UN high commissioner hears civil society’s concerns

A larger group of civil society representatives later joined her for tea. All these meetings took place at the office of the Human Rights Commission of Pakistan

Lahore, June 5: The UN High Commissioner for Human Rights Navi Pillay on Tuesday met with members of the religious minority communities and exchanged views with a gathering of civil society organisations’ representatives, lawyers and journalists here.

A larger group of civil society representatives later joined her for tea. All these meetings took place at the office of the Human Rights Commission of Pakistan.

The high commissioner briefly explained her mission to the civil society representatives but reserved her comments until the end of her visit to Pakistan when she will offer a more comprehensive response.

Representatives of minority communities raised the issues of discrimination, problems faced on account of the blasphemy law and discrimination in services and education. The civil society organisations raised issues of militancy, shrinking writ of the state, lack of security for journalists and human rights defenders, the freedom allowed to militants, the state of education, rise of extremism and intolerance among young people and children and the civil society’s concerns over the alternative dispute resolution mechanisms.

The UN High Commissioner for Human Rights had begun her four-day mission to Pakistan on 4 June at the invitation of the government.

Zohra Yusuf


HRCP slams torture on detained activists in Gilgit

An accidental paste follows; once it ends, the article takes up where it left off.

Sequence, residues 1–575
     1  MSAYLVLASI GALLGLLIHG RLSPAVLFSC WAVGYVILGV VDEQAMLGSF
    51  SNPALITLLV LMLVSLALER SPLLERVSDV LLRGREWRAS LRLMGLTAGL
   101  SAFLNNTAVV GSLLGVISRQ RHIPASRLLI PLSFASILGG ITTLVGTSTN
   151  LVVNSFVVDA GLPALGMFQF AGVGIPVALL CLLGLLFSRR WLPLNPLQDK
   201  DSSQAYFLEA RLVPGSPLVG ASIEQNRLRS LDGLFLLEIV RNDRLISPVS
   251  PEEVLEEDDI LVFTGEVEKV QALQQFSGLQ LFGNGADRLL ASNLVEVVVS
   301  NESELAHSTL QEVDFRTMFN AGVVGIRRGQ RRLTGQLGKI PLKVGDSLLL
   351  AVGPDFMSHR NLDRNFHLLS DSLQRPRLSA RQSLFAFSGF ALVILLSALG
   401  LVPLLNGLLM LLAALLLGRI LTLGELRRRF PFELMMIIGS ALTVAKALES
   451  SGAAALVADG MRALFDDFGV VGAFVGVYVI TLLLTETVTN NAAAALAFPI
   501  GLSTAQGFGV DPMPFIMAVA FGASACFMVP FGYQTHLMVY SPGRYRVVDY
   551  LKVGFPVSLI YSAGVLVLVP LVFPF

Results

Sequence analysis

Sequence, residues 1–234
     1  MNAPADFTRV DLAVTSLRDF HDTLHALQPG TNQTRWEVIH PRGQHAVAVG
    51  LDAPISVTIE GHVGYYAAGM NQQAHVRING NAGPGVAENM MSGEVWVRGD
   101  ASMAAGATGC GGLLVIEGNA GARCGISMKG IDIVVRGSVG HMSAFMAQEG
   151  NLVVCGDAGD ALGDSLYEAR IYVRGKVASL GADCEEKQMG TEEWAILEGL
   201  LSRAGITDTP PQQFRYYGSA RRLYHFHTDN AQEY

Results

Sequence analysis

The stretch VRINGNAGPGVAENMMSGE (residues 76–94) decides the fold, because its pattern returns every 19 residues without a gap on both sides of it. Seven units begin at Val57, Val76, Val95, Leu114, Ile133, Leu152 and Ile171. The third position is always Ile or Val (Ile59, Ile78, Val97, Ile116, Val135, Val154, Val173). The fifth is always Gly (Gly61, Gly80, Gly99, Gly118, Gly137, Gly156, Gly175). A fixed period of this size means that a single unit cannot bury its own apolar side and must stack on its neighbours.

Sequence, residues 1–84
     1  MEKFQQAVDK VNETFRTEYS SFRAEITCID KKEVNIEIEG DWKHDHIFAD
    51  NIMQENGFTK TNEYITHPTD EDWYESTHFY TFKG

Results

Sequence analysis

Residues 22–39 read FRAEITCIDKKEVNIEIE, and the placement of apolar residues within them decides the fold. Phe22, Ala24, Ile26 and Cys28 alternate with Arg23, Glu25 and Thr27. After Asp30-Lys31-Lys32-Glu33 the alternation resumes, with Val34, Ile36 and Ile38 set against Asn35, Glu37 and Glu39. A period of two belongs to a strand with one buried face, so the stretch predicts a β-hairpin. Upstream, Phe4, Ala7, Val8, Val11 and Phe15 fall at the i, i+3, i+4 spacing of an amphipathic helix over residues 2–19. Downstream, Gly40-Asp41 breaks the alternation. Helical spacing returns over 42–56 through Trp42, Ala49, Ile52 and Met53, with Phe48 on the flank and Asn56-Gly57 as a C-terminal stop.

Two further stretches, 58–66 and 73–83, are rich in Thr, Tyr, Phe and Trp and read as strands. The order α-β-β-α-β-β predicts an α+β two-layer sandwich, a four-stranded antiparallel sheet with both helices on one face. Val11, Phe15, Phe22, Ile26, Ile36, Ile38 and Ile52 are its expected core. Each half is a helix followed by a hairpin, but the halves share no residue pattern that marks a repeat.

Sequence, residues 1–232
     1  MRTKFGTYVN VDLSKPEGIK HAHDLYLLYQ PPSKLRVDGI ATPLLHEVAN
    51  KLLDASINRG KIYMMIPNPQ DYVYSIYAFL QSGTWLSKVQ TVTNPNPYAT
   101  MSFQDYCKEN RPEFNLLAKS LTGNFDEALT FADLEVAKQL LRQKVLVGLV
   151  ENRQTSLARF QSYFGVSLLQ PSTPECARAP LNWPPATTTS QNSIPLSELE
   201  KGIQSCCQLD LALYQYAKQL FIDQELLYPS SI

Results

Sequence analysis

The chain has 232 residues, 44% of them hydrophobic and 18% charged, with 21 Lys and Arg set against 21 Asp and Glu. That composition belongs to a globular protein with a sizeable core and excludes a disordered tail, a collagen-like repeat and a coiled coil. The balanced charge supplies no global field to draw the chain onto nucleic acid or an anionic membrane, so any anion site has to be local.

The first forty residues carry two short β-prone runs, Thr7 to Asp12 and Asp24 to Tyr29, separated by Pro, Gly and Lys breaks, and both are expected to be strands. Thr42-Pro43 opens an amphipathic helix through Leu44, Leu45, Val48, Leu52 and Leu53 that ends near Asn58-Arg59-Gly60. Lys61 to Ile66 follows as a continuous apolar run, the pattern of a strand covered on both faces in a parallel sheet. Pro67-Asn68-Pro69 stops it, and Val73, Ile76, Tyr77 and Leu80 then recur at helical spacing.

Lahore, May 4: Reports of alleged torture on at least five political activists in the Gilgit Jail are exceedingly worrying and hint at the authorities’ stubborn refusal to learn from past mistake, the Human Rights Commission of Pakistan said in a statement on Friday.

“HRCP notes with concern that the five activists who have been in prison for several months continue to face very harsh treatment for protesting against the poor quality of food and delay in hearing of cases of prisoners at the jail. They have been incarcerated for protesting on behalf of the victims of forced displacement on account of the Attabad landslide in January 2010. On April 28, the five activists were reportedly visited in the jail by police and security agencies and tortured on the dubious charge of leading the protest in prison. One of the activists, Baba Jan, is said to have suffered two broken fingers and injuries to his head and other parts of his body. It is a matter of concern that despite a local court’s order he and other activists have not been examined by a doctor and have not been hospitalized in violation of the court’s order. Attempts to lodge cases against the security personnel who tortured them have also not been successful. HRCP strongly protest maltreatment of the activists in official custody. It was briefly hoped that the authorities must surely have known the futility of such tactics as well as of creating an aura of impunity for excesses by agents of the state. However, it appears that that has not been the case. HRCP demands that the basic rights and due process must not be denied to the five political activists. Those accused of torturing them must be suspended pending investigation and those found guilty punished under the law. Last but not the least the government must desist from making a terrible situation in Gilgit even worse by stubbornly sticking to its strong-arm tactics.”

Zohra Yusuf